This week’s Beer of the Week is Michelob Ultra Amber.  I am absolutely not referring to the Cactus, Peach and Raspberry “beers” that also carry the Ultra name.  This is their version of an amber.  Beer snobs will tell you that this isn’t a full-blown amber, in color or flavor.  They are correct.  It is not meant to fulfill that role (I actually think their AmberBock does a pretty good job of that.)  Ultra Amber is the bridge between tailgating beer like Ultra or Miller Light and the rest of the beer world.  Offer an Ultra Amber to your timid friend.  They’ll see the familiar label and will feel comfortable, willing to try something new.  The first sip could create a frown or puzzled look, “Why are there flavors in my beer?” Ask them to think of this as a new experience, not expecting it to taste like what they think beer should be.  Another sip.  Maybe some realization that ‘different’ need not equate to ‘bad.’  A few more sips and you will hopefully have a believer.  The final step is to pour one into a clear glass.  Let them see the color and then pour a normal light beer into a separate glass.  Show the difference in color so that they can understand that dark(er) can be good.  Darker beers typically carry more flavor and much greater potential.

This may not work for everyone.  And Ultra Amber may not be the solution for everyone.  But I think that this can be a very positive step forward.  Now that you have unlocked the door to the world of beer, what next?  Do you jump all the way to a super-hoppy IPA?  Rich, thick Abbey-style quadrupel?  Come back next week for the all-important next step.
Mike Pennington by Mike Pennington

Not one but TWO of the deliveries I received for the 40 Days of Beer Festival were a new one for me: Boulevard Sixth Glass.  Where have you been all my life???

Thank you to GE (4-pack) and LG (750 mL bottle) for introducing me to this little bit of heaven in a bottle.  Boulevard is a brewery in Kansas City that brews a staggering variety of craft brews, from stouts and porters to IPAs to unfiltered wheats and everything in between.  (Shout out to the Boulevard folks for a fantastic website.  They provide information on the best glasses for each type of beer and suggested food pairings for each as well.  Kudos!)

For those who don’t know me, I gravitate toward dark, thick, rich, full-flavored beers.  I like Belgian Trappist-style beers especially (officially known as ‘Abbey-style’).  There are only 8 ‘official’ Trappist breweries in the world as recognized by the International Trappist Association (there is an association for EVERYthing!)  Six of those eight are in Belgium (with names you might recognize like Chimay and Westmalle), one in the Netherlands and one in Germany.  However, breweries around the world are beginning to brew more Abbey-style beers.  Boulevard is one such brewery, thank goodness.  (Stick around for our first post next week for more on Dubbels, Tripels and Quadrupels.)

Boulevard Sixth Glass is a quadrupel, which means it has a very rich and fantastic flavor; it is tremendously smooth; and it will knock you on your tail if you have more than one (10.5% ABV!) The name comes from a Hans Christian Andersen tale called, The Watchman of the Tower.  In describing what can be found in seven glasses, the main character says, “In the sixth glass sits the Devil himself; he is a little well-dressed man, most charming and pleasant. He understands you and agrees with everything you say.”  At 10.5% ABV and with such great flavor, this little beauty from Boulevard may truly be the devil!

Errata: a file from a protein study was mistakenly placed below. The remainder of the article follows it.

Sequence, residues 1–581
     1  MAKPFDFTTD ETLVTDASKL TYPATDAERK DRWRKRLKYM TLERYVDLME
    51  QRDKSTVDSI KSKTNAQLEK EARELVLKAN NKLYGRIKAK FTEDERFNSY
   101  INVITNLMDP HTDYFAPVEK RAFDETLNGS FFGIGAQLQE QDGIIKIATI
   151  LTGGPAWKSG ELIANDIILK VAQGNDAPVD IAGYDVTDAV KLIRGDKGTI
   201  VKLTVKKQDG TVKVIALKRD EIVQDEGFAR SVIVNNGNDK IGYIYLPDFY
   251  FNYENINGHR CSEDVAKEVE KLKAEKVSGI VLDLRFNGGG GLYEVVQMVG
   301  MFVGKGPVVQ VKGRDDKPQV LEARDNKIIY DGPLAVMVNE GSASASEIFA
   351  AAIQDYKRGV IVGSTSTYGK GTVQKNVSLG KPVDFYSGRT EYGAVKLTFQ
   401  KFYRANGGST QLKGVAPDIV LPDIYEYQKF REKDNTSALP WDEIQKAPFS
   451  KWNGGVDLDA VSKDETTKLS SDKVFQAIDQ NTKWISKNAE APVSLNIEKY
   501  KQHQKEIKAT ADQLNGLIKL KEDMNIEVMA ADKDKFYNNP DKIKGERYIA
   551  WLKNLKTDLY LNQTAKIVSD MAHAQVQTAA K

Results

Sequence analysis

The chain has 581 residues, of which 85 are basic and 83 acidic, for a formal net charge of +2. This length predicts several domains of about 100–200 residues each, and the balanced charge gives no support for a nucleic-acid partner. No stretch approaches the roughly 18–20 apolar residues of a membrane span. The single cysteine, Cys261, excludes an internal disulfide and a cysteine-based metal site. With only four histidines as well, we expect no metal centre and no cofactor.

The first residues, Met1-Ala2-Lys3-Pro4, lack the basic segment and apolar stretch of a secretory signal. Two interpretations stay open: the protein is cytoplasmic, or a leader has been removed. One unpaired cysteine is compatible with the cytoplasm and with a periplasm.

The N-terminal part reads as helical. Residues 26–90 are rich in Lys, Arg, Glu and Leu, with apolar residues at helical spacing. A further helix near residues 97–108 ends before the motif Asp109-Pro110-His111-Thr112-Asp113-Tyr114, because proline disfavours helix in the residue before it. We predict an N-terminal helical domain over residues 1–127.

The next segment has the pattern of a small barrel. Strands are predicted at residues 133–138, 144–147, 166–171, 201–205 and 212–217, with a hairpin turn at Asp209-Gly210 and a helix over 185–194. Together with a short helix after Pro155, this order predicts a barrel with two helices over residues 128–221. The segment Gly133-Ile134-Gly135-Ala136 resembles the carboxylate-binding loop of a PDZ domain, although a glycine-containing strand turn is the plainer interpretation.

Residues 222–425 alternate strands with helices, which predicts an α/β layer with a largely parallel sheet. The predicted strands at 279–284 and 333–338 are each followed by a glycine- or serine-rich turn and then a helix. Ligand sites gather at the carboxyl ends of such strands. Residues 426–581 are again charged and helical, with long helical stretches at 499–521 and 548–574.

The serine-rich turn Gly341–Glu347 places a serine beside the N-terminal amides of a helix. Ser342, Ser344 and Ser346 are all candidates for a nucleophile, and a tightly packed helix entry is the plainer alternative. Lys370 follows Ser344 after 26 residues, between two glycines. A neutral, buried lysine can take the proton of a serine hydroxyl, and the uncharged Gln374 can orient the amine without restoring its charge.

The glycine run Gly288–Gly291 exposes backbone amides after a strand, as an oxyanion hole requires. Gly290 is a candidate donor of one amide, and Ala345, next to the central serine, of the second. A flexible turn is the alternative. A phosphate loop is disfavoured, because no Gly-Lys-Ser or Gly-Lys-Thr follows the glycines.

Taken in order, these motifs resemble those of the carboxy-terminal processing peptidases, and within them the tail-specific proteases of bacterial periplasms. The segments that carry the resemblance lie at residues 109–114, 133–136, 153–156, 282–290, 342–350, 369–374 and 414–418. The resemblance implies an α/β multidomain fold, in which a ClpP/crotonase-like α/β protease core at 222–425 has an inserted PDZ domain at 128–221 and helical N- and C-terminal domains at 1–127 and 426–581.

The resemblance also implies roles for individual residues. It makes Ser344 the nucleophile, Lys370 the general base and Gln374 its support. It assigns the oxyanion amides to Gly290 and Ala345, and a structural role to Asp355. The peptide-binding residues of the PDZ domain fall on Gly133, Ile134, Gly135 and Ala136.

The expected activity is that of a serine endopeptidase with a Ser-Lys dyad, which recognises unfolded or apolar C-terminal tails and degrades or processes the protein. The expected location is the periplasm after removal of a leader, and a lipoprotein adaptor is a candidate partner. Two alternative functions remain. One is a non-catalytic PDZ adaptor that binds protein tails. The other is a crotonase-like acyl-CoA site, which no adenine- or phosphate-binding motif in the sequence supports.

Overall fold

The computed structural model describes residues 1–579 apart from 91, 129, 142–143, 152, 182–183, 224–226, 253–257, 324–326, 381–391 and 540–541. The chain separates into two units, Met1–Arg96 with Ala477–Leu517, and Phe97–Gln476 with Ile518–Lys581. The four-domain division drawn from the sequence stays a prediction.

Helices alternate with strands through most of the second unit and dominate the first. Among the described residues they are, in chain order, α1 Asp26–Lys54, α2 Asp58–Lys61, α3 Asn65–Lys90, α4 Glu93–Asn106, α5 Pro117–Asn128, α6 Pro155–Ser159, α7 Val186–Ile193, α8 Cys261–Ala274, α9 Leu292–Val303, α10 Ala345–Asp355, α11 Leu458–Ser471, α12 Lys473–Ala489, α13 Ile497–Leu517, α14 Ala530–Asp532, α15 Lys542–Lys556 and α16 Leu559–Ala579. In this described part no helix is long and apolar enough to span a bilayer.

Buy yourself a four-pack or a 750 mL bottle today.  And you’re welcome!

Mike Pennington by Mike Pennington

A Little Somthin’

Regular readers will recall that I gave you a little hint at the end of the last post as to what our third BOTW would be.  This beer is one I received on one of the 40 days of beer.  Thank you, Ellen!

Little Sumpin’ Awesome
From Petaluma, CA we get Lagunitas Brewing Company’s Little Sumpin’ Sumpin’ Ale.  This is a filtered pale wheat ale that is very smooth and adds just enough hops to give it a nice crisp flavor.  But let’s break all that down.  You’ve probably had UNfiltered wheat beers, those cloudy Hefeweizens, etc.  And you’ve likely had IPAs before, ranging from slightly bitter to borderline criminally bitter.  Consider this beer a great marriage of the two: smooth yumminess from the wheat plus sharp crisp hops on the finish to leave you wanting more.  And more.

Side bar.  Have you ever wanted to try a new beer and you’ve been hesitant, for no reason other than fear that you’ll mispronounce it?  You don’t want your friends or the wait staff to think you’re uninformed.  So, you either grunt and point like a Neanderthal, say it with a heavy foreign accent (“that’s how they said it when I was in Amsterdam”) or give up and order a Coors Light.  You’re not alone… Many of us have had similar moments of trepidation.  Unibroue Ephemere (say Unibrew eff-a-mair). Tsingtao (try saying “Ching-dow.”) for this week’s beer, Lagunitas provides a handy pronunciation guide.  la-goo-NEE-tuss.  Try it. It’s fun to say.  And you’ll look extra hip the next time you say it at your favorite beer pub.

And now back to a Little Sumpin’ Sumpin’ Ale.  This is one of the beers that la-goo-NEE-tuss offers year round.  But they have a seasonal now that is called a Little Sumpin’ Wild, a Belgian Trappist style cousin of this week’s beer.  Color me there!
Oh, and FYI, the second Little Sumpin’ Sumpin tastes better than the first.  Have a great weekend everyone!
Mike Pennington by Mike Pennington